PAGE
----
To Hymn or not to Hymn

Growing up in church we always sang hymns from a large hymn book that was placed in holders on the back of the church pew.  Many times there would also be a Bible there.  The “song leader” would announce the page number before each song and we would all turn to that page and sing from the hymn books which had both the words and the music printed for us.  (In some churches the page numbers would be listed in the bulletin or posted on a sign at the front of the church.)

Depending on the local church, the singing might be accompanied by a pipe organ, an electric organ and piano and maybe even a few guitars or drums.

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This was how worship was supposed to be done.

Slowly over the years in the churches I attended the organ became a thing of the past and the piano was replaced by the keyboard.  A few guitars became many guitars.  Song leaders were replaced by worship teams.  Hymn books became obsolete as the words were projected on a screen from an overhead projector.  Finally, the hymns I grew up with were replaced by what we call “contemporary music.”

Gone were the days of the great song writers like Charles and John Wesley, Fanny Crosby and Isaac Watts.  This was now the time of Chris Tomlin, Michael W Smith, Amy Grant and Matthew West.

And the music war began.

On one side was the younger generation who loved the new songs and the new technology which made hymn books seem outdated.  On the other side was the older generation who treasured the songs they had grown up with and loved singing with hymn books that included the music.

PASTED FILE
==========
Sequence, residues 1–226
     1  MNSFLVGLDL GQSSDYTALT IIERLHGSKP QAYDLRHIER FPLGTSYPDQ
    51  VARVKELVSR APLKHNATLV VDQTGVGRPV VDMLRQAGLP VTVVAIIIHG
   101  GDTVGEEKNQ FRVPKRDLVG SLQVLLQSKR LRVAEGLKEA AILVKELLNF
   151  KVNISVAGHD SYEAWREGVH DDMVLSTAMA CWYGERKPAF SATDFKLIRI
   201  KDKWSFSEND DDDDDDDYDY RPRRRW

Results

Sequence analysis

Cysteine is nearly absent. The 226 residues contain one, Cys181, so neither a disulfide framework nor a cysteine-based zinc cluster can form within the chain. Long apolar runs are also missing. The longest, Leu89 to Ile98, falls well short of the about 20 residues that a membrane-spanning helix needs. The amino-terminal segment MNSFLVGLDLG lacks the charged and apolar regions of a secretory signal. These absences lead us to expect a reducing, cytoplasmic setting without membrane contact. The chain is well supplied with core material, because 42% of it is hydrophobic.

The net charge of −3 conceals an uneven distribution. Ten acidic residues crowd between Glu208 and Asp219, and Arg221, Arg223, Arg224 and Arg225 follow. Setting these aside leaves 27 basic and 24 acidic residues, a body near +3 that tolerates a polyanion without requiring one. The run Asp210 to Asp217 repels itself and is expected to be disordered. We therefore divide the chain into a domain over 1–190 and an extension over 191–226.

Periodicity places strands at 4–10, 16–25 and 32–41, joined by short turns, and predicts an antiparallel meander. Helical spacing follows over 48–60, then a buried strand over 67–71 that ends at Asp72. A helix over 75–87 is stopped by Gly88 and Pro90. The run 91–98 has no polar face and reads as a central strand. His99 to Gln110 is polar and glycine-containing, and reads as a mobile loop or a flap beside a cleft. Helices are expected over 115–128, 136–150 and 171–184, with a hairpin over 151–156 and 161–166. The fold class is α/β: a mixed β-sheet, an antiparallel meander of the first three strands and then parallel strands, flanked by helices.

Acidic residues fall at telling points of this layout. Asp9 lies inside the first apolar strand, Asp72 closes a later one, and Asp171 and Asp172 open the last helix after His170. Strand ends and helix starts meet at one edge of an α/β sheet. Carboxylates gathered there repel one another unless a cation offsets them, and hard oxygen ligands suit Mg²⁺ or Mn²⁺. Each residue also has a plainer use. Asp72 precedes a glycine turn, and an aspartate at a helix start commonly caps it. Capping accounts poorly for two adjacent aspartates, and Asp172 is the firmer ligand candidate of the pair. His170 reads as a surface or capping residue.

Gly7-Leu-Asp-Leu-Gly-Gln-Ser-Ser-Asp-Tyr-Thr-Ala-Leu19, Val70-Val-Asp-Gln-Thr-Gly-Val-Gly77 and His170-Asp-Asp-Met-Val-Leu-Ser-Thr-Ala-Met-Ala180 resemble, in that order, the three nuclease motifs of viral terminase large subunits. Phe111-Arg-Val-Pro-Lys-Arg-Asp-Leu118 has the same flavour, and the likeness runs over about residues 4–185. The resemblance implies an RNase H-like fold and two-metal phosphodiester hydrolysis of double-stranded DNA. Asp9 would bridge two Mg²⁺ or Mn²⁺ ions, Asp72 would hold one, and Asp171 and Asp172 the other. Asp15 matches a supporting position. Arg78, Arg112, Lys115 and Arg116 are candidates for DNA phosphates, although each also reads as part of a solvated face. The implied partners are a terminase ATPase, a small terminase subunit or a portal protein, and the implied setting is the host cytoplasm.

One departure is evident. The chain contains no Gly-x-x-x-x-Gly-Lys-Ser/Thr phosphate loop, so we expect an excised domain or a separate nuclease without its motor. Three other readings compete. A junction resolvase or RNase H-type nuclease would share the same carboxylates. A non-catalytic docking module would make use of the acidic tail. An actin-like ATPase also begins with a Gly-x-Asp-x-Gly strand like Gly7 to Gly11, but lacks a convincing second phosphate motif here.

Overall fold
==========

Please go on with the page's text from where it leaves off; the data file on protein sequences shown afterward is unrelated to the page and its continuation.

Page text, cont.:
Arguments went back and forth.  Some said we needed to use music that would reach the younger generation and keep them in the church, or in some cases, bring them back to the church.  Others said we were showing disrespect to the older generation that had worked hard in the past so that the church even existed.

I have found it so sad that we have had this music war.  While I understand the desire to have worship that we feel comfortable with and really like, I question:

  • Is our worship based on the music itself rather than on praise and gratitude to God?
  • Are we unable to worship God unless it is done “our” way?
  • Is it really worship of God if we seek our own personal enjoyment?

I wrote a couple of blogs on this thought before – hope you will click on and read them also

Worship – What’s Your Style?

Worship – What’s Your Style – Part II

Recently I began reading a book “The Hymnal – A Reading History” by Christopher N Phillips.

I discovered that this war on music in the church is not a new thing.